Family disease history and perceived risk for Type 2 diabetes, cardiovascular disease, cancer and depression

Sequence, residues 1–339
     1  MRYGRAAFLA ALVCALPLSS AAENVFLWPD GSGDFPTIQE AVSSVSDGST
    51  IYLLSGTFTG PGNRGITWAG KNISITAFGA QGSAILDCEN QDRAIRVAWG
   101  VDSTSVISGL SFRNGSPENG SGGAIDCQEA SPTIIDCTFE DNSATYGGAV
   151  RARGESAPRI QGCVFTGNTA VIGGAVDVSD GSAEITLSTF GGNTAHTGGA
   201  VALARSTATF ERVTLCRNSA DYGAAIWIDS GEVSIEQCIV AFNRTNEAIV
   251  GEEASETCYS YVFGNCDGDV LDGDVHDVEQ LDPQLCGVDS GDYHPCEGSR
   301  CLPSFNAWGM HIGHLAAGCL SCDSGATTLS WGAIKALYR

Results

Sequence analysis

AbstractBackground: We compared relations between family disease history and perceived risk for Type 2 diabetes (T2D), cardiovascular disease (CVD), cancer and severe depression. Methods: Participants were Finnish 25âˆ’74-year-olds (N=5024) from a population-based FINRISK 2007 study. Perceived absolute risks for diseases were measured as ordinal variables (1 to 5). Regression analyses were performed to examine the effect of family history (parents and siblings), demographics and behavioral risk factors (e.g. smoking) on perceived risks. Findings: Family history was most prevalent for cancer (39%), least for depression (19%). Perceived risk was highest for CVD, lowest for depression. In regression analyses, relation between family history and perceived risk was strongest for T2D (Î²=0.35, p<0.001), weakest for depression (Î²=0.18, p<0.001). The association remained significant (p<0.001) for all diseases after adjusting for demographic and behavioral risk factors. For depression the association of family history and perceived risk was stronger for women than men (p<0.001). Discussion: Relation between family history and perceived risk varies across diseases. Future studies should examine whether the effect of genetic risk information on perceived risk varies similarly across diseases.